Brewer went to trial twice on the prosecutor’s theory that he was an accomplice to murder.  At the first trial, renunciation was not charged as an affirmative defense.  The jury deadlocked 10 to 2 for acquittal on the murder count.  At the second trial, after two days of deliberation, the jury sent back a note that they were deadlocked but asked if there were anything in the law about “changing your mind at the last minute.”  The trial court charged them with the renunciation defense, over objection, and the jury convicted Brewer within two hours.
This "experiment” suggests what trial attorneys have always suspected: that if there is any way to advance your theory of defense without an affirmative defense, do it.  New York’s affirmative defenses do two things very well.  First, they act as burden-shifting machines, making the prosecutor’s job much less onerous.  Second, they impose almost unattainable standards on the defendant, in an apparent effort to limit the application of the defense to “deserving” defendants and close the door to the rest of us.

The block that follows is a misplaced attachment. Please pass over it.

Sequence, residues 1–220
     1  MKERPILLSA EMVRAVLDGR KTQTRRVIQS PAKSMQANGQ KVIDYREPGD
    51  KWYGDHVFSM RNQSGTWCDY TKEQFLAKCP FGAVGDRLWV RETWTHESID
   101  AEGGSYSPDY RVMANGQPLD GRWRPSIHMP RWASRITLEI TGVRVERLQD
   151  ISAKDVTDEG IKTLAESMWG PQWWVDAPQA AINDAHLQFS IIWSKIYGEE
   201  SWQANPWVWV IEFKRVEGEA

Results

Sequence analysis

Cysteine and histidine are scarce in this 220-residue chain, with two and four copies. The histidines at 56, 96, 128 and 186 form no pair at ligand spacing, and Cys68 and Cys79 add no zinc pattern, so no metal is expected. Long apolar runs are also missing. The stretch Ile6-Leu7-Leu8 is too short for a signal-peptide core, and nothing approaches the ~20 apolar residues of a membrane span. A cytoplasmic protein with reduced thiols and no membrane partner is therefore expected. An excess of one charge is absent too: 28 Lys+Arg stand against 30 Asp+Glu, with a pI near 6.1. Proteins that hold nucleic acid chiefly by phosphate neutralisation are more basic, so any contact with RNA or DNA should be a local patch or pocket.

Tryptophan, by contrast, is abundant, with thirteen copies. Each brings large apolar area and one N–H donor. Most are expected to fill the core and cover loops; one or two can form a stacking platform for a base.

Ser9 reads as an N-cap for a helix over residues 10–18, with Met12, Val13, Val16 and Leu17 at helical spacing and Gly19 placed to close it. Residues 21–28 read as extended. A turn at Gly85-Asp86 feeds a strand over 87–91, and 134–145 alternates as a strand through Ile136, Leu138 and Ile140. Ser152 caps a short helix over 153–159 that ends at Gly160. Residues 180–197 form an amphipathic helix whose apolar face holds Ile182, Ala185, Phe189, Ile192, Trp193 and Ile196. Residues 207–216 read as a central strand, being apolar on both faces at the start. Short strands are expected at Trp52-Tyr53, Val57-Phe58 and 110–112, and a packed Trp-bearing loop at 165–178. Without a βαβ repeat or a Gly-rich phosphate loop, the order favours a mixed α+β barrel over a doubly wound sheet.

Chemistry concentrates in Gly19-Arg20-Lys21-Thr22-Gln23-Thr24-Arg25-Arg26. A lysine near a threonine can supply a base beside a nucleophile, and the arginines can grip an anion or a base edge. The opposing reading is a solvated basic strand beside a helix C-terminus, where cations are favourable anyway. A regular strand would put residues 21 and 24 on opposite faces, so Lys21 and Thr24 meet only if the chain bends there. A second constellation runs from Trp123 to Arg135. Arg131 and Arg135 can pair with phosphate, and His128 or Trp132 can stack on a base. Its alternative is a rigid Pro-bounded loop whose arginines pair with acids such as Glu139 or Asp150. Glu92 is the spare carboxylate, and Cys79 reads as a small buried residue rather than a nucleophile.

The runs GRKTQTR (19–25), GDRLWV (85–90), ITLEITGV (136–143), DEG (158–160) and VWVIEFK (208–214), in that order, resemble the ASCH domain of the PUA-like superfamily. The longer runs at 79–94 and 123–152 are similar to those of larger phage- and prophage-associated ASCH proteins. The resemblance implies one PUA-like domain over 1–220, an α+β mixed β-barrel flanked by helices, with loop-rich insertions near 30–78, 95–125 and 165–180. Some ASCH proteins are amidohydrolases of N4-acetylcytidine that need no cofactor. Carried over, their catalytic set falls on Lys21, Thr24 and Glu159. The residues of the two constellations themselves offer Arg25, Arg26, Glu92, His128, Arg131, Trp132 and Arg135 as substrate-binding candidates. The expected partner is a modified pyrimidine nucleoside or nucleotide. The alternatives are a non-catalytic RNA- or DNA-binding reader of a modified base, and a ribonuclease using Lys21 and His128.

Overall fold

Burden Shift
The difference between an affirmative defense and an ordinary defense is the burden of proof.  An ordinary defense, such as justification or alibi, must be disproved beyond a reasonable doubt by the prosecutor, and the jury must be specifically instructed on this.  In contrast, an affirmative defense imposes the burden of proof (usually by a preponderance of the evidence) on the defendant.  Recognizing this burden, and the unfairness of foisting it on an unwilling defendant, the Court of Appeals has repeatedly reversed cases where an affirmative defense was imposed on an unwilling defendant (see e.g., People v Bradley, 88 NY2d 901, 902 [1996] [extreme emotional disturbance]; People v DeGina, 72 NY2d 768, 776-777 [1988] [entrapment]).